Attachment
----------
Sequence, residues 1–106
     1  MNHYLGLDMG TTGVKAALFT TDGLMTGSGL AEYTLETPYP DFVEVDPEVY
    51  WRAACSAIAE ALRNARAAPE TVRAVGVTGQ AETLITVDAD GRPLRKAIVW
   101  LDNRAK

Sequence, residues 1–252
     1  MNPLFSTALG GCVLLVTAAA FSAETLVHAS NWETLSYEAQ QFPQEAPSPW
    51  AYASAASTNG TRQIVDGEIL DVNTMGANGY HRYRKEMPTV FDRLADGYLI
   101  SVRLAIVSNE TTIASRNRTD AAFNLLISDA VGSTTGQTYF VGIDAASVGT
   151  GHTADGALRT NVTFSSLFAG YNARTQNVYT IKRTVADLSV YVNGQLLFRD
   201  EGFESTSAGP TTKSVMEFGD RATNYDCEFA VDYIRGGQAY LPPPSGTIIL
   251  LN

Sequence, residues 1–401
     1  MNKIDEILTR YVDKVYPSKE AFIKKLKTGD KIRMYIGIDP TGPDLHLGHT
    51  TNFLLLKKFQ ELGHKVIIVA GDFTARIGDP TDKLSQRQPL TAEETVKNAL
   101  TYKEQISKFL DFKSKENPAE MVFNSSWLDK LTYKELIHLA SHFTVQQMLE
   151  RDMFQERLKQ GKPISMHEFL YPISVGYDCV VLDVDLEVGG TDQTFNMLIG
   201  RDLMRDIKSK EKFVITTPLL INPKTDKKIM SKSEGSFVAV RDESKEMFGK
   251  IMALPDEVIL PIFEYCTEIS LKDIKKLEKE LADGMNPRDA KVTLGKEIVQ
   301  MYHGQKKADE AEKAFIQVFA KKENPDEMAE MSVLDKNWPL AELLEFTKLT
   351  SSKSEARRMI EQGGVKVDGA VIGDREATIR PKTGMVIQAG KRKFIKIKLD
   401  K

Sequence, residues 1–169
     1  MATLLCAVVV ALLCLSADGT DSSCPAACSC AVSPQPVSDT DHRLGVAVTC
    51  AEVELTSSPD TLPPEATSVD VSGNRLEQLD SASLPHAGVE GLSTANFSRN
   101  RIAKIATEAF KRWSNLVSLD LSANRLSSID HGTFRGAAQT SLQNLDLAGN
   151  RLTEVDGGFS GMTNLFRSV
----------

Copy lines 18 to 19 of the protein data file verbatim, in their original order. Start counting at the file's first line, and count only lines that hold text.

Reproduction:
   251  IMALPDEVIL PIFEYCTEIS LKDIKKLEKE LADGMNPRDA KVTLGKEIVQ
   301  MYHGQKKADE AEKAFIQVFA KKENPDEMAE MSVLDKNWPL AELLEFTKLT